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Marching Bands In Competition

Marching Bands In Competition

It’s been a long while since we had to get up early to go to a marching festival. Heck, it’s been a long while since we actually had to set an alarm! But H is an adjudicator for a marching festival today so we are on the road again.

I had to pay to get in. Gone are the times I could walk in as a chaperone, slipping through the gate, sporting the bands logo. I don’t mind though. Those band parents work hard for money to support their school’s music program.

I’ve forgotten how hot it can be at marching festivals. My memory is clearing. There is no breeze what-so-ever. Of course it can be cold too. I can remember the times we had to have hand warmers in our pockets to keep from freezing and hot coffee and hot chocolate could be purchased at the concession.

The restrooms – or lack of in this case – were disappointing. There were three stalls of which one was not in working order, no ventilation, not even a small window, and no mirror. The latter was not a problem. At this point I didn’t really want to see what I looked like, and any lipstick applied would melt off quickly in this heat. Sharing these facilities with seventeen marching bands and spectators was not pleasant.

Smallest band on the field – 14 members

Largest band on the field – 300+ members

When Amie was in band and Jessie was little I would bring a supply of coloring books, crayons, and pencils to keep her entertained. She was happy as a clam sitting under my legs on those nasty cement bleachers doing artwork and eating popcorn.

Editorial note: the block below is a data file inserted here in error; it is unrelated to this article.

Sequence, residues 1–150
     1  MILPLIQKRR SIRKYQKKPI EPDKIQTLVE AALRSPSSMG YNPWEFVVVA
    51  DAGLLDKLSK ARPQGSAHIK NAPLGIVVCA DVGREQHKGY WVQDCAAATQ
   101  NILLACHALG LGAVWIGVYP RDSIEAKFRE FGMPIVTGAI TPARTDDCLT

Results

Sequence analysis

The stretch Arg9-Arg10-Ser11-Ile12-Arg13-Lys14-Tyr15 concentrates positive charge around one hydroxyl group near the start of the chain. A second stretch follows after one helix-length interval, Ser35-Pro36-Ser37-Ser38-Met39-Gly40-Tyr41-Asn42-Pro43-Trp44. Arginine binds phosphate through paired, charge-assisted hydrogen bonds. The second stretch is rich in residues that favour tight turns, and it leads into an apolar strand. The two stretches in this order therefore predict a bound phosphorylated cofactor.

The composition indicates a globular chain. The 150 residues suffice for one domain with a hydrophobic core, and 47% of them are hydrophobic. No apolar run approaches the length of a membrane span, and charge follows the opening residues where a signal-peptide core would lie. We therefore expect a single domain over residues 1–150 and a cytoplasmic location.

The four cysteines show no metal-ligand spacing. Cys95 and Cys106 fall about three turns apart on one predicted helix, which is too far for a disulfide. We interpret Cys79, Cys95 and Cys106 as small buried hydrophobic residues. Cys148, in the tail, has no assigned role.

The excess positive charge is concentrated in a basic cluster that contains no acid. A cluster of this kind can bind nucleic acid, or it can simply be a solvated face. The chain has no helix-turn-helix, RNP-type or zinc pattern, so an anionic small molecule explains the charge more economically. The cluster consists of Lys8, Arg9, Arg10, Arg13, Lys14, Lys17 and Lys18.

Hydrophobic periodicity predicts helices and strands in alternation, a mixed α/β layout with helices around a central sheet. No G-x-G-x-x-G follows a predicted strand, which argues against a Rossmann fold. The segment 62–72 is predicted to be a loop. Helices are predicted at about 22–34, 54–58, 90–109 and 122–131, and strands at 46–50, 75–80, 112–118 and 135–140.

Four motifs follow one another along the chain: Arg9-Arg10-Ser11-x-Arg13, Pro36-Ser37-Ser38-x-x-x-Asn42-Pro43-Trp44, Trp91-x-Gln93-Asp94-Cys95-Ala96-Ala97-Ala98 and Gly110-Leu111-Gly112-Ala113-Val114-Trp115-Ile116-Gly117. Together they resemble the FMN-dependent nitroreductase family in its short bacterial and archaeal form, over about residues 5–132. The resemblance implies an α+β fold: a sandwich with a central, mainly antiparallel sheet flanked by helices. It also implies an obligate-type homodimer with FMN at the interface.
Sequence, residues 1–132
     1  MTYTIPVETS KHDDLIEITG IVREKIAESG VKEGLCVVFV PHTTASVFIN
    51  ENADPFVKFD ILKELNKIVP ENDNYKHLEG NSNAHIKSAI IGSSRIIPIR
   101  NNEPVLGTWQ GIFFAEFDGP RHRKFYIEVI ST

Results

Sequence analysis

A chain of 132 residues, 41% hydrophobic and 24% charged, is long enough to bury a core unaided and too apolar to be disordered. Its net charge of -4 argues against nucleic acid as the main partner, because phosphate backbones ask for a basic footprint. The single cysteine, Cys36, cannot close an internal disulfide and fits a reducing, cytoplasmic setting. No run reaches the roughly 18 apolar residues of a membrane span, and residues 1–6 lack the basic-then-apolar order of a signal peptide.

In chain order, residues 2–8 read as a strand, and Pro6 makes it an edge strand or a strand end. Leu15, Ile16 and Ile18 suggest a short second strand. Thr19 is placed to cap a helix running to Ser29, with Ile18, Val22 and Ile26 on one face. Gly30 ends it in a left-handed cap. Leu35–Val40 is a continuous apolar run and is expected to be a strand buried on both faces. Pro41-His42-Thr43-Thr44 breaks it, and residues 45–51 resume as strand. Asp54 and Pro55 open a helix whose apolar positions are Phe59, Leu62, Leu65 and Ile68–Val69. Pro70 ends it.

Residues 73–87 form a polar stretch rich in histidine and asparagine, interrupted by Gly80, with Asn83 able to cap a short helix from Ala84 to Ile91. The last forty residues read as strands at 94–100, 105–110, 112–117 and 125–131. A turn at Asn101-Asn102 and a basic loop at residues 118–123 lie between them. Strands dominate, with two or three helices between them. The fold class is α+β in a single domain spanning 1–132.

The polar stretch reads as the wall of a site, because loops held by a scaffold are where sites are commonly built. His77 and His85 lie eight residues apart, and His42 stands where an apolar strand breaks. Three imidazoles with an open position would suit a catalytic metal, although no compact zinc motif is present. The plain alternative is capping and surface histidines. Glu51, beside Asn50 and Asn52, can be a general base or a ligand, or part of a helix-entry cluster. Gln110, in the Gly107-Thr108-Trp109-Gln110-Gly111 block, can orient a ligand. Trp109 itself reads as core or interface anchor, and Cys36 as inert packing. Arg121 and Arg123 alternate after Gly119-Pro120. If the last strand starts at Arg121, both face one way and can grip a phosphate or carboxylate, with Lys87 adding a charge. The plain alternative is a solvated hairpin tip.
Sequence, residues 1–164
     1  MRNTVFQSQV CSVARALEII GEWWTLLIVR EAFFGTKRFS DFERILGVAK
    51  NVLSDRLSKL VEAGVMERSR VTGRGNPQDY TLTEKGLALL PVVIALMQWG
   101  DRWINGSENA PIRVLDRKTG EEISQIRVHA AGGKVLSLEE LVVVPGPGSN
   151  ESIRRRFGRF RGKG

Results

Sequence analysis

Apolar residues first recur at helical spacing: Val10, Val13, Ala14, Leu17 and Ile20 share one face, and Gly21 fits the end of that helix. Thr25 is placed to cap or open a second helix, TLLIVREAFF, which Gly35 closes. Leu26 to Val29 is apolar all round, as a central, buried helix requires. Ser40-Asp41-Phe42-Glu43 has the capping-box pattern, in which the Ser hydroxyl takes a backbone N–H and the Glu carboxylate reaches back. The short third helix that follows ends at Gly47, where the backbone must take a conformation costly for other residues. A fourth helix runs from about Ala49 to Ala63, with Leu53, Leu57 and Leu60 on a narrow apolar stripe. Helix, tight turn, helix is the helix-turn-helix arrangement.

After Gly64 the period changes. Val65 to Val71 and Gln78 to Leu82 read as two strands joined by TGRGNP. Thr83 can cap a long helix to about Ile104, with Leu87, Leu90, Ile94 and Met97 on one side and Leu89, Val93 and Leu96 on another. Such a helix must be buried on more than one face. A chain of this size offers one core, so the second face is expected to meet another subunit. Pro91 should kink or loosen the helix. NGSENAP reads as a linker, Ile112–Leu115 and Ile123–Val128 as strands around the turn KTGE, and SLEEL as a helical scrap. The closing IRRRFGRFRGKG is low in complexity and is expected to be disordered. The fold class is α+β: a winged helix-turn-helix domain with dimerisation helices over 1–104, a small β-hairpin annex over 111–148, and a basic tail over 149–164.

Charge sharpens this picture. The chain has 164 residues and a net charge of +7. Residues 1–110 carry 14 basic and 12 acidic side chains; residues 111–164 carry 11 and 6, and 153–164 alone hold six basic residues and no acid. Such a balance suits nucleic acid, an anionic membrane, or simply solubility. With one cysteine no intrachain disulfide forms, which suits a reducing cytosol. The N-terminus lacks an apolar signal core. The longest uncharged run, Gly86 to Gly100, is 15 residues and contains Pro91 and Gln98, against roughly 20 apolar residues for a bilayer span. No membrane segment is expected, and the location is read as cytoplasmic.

Fried Oreo’s must have been the featured sweet of the day because they were constantly plugging them. I don’t know about you, but Oreo’s fried in hot grease does not sound appetizing.

Fried Oreos Not my cup of tea!

After the long hot day, and a two hour drive home, I’ve come to the conclusion that watching marching bands compete is not nearly exciting as when you have one of your own in the ranks…


About Elle Knowles

Elle Knowles lives in the Florida Panhandle with her husband and off-at-college-most-of-the-time son. She has four daughters, one son, and eleven beautiful grandchildren. 'Crossing the Line' is her first novel. The sequel 'What Line' is a work in progress. Recently published is Coffee-Drunk Or Blind - a nonfiction story of homesteading in the Alaska wilderness with her parents and four siblings, told through letters by her mother and remembered accounts from the family.

9 responses »

  1. I don’t think I’ve ever seen fried oreos at any marching band event I’ve attended (performer, director, or spectator). Shouldn’t have read this before lunch. Now I want one! haha

    Liked by 1 person


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